I pay a lot of money to have a luxury suite at Milwaukee Brewers games, or should I say the company that pays me what I’m worth pays a lot for the suite. I say that the rich and famous of Milwaukee deserve to flush whatever they want into the river because we keep the city afloat. I was told that the suites are responsible for the raw sewage being dumped into the river, and that the restrooms may not be available for opening day. That’s simply outrageous! I have some very important Taiwaneese businessmen coming to the game to see Hong-Chih Kuo play and possibly sign a multi-million dollar deal for me, and there is no way they are going to use a port-a-pot so some tree-hugging enviro-nazis can limit the waste in the river.
What most of the wackos out there don’t understand is that this entire region depends on the income generated by successful people like myself, and a few more thousands of gallons of waste isn’t going to ruin anything important in the ecosystem. Have you ever seen how big Lake Michigan is while flying in your private jet over it? I thought not. However, the fact remains that the lake is big enough to handle the liquor-tainted piss from a few important people in order to grease the wheels of progress.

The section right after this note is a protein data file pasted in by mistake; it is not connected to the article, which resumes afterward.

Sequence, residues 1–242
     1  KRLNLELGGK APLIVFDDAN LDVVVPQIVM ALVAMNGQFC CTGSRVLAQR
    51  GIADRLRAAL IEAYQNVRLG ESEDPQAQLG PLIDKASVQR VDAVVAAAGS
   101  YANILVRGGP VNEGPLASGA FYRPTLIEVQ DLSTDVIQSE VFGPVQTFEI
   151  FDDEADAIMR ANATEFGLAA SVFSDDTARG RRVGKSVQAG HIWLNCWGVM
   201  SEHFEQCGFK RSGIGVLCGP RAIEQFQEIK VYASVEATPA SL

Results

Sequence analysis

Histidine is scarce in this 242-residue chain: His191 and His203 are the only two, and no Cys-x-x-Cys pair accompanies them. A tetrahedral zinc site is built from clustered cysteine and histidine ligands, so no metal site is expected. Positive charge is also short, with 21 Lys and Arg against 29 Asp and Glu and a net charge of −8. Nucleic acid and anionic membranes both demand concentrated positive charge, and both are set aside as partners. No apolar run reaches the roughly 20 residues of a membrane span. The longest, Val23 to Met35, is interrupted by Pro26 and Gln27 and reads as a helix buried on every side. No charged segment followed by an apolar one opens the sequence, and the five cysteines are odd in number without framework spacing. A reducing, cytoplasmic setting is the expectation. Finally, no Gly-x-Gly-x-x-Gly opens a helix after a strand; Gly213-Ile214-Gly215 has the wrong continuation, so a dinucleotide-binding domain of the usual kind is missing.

I’m not just thinking of myself and my promotion here. We could become the global headquarters if this deal goes well, and that means more people wanting to buy dilapidated farmland to put up million dollar homes. Of course, tree-huggers often oppose that sort of progress as well, but that’s no surprise, because most of those granola-eaters probably want economic decline in the region so they can go back to a simpler way of living. How much more simple can you get than pissing in the river, I ask? Honestly, it’s what the river is there for. Ashes to ashes, people! When I need to change my oil, do I waste my valuable time dumping the old oil off at the auto parts store after the loser neighbor kid changes it? Hell no—that’s what the sewer in front of my house is for. When it snows, do I break my back shoveling it? Not a chance—that’s what salt is for. And when I finish using chemical bottles, do I go hang out with the low-lifes at the dump to dispose of it? Not in my leather-upholstered vehicle—that’s what the fire pit is for. And should the Brewers fall to pressure from a small minority of people who think they need to clean up? Not if they want my money!